There’s still time to nominate local icons for Best of D.C.
TO MAY 31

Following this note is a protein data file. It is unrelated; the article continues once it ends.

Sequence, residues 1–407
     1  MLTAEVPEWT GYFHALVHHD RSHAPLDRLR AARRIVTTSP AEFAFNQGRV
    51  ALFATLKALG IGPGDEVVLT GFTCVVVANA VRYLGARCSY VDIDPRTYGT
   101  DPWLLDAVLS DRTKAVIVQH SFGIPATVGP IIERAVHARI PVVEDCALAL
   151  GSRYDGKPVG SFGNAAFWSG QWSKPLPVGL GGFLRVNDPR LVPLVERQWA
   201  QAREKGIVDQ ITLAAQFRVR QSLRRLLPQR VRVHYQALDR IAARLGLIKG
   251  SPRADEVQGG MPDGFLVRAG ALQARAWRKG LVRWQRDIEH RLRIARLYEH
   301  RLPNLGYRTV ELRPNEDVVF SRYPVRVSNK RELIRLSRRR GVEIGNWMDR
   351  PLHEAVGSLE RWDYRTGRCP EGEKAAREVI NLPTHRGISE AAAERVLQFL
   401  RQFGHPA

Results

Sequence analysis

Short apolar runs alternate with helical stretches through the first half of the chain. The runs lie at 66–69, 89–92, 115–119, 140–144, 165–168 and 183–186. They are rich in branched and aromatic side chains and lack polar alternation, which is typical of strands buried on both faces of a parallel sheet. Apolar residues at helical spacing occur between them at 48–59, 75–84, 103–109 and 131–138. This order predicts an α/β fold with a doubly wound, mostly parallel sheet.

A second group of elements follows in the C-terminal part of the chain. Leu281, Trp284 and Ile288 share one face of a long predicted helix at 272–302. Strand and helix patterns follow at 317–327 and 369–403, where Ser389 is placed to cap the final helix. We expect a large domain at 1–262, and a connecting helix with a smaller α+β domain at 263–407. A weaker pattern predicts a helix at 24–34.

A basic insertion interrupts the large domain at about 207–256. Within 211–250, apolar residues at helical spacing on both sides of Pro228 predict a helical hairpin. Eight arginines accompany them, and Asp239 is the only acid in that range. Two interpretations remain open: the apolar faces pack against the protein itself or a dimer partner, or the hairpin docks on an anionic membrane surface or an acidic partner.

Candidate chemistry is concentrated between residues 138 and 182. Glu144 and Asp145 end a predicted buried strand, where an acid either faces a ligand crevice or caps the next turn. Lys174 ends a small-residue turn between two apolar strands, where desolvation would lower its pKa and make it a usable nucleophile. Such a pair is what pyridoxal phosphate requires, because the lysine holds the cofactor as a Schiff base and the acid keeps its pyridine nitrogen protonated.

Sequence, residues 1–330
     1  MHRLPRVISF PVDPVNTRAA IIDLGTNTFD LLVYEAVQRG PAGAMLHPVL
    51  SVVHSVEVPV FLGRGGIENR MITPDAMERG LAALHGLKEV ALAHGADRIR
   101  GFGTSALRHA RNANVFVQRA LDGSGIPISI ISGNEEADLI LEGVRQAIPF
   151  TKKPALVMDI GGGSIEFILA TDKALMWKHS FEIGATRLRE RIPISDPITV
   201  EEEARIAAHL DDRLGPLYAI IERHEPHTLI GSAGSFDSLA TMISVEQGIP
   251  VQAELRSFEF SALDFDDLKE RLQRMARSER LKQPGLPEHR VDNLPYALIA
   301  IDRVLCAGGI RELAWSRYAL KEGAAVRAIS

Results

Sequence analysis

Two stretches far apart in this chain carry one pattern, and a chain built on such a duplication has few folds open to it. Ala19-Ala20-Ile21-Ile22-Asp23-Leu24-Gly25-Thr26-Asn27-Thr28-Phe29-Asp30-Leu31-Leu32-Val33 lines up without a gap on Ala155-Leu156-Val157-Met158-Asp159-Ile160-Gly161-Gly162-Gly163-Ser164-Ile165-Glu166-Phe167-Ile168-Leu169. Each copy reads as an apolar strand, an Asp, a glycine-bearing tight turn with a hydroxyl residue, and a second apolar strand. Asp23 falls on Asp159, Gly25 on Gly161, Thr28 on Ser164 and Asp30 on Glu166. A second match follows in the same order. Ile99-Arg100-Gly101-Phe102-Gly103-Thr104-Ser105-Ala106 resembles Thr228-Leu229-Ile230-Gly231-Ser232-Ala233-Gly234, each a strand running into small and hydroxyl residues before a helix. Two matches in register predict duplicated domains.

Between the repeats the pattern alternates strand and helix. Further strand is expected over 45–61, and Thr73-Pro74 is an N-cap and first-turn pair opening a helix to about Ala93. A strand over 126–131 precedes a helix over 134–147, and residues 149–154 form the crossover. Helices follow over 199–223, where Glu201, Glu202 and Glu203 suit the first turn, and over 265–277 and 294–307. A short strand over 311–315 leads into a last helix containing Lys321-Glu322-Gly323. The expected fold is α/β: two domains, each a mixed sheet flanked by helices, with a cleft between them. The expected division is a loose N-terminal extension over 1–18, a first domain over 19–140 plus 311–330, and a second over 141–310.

In America today, theater photography is a rather dowdy pursuit. Most pictures that accompany newspaper reviews are handouts from the theater company, and even when these images are not posed, they are static enough to seem as if they were. By contrast, the theater photographs of Fataneh Dadkhah, now on display at the brand-new Roulette Gallery in Kensington, bristle with emotion. And for good reason: Dadkhah insisted on taking her photographs (Jamms Wailing is pictured) during live performances—the better to show off the performers’ despair or ecstasy. And Dadkhah made these images for art’s sake, not to fill newspaper pages. As a result, she was able to experiment, sometimes backing away from the proscenium arch to create such images as Years of Sand #1, in which a faraway actor stands within a deep-blue rectangle, giving the impression that he/she has been dunked into an water tank. But what really sets Dadkhah’s work apart is the context: Now a resident of Potomac, Md., Dadkhah made her images over a two-decade span in the Iranian capital of Tehran, where she was affiliated with a theater company that pushed artistic boundaries. And though the company didn’t have to go underground after the 1979 Islamic revolution—it was allowed to use the Roudaki Hall, the city’s main opera house—its mix of Iranian and Western plays did have to be approved by officials of the nation’s theocratic government. To remain true to their principles yet free to perform, Dadkhah and the actors she chronicled had to walk a tightrope. Perhaps this explains her habit of capturing actors at their most enigmatic; in her images, their heads are obscured by a fishtank, swirling newspapers, blackface, veiled costumes, and sometimes simply by impenetrable darkness. Dadkhah’s photographs are on view from 11 a.m. to 6 p.m. Tuesday to Saturday, to Friday, May 31, at Roulette Gallery, 10421 Armory Ave., Kensington. Free. (301) 962-8900. (Louis Jacobson)